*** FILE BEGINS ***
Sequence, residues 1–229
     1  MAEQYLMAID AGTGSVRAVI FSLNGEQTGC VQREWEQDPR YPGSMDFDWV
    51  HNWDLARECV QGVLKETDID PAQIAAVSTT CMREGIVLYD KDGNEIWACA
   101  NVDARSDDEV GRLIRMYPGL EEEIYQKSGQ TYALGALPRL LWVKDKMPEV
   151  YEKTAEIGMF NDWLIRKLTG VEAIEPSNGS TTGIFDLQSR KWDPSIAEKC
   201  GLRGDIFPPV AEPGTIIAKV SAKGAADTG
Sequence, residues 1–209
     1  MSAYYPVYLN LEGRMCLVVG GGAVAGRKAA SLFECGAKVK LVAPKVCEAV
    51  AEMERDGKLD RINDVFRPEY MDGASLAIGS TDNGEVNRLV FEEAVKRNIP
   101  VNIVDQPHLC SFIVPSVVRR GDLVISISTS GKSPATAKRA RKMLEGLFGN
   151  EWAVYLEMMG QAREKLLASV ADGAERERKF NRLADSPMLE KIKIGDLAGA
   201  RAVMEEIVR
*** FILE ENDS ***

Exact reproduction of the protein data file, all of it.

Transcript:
Sequence, residues 1–229
     1  MAEQYLMAID AGTGSVRAVI FSLNGEQTGC VQREWEQDPR YPGSMDFDWV
    51  HNWDLARECV QGVLKETDID PAQIAAVSTT CMREGIVLYD KDGNEIWACA
   101  NVDARSDDEV GRLIRMYPGL EEEIYQKSGQ TYALGALPRL LWVKDKMPEV
   151  YEKTAEIGMF NDWLIRKLTG VEAIEPSNGS TTGIFDLQSR KWDPSIAEKC
   201  GLRGDIFPPV AEPGTIIAKV SAKGAADTG
Sequence, residues 1–209
     1  MSAYYPVYLN LEGRMCLVVG GGAVAGRKAA SLFECGAKVK LVAPKVCEAV
    51  AEMERDGKLD RINDVFRPEY MDGASLAIGS TDNGEVNRLV FEEAVKRNIP
   101  VNIVDQPHLC SFIVPSVVRR GDLVISISTS GKSPATAKRA RKMLEGLFGN
   151  EWAVYLEMMG QAREKLLASV ADGAERERKF NRLADSPMLE KIKIGDLAGA
   201  RAVMEEIVR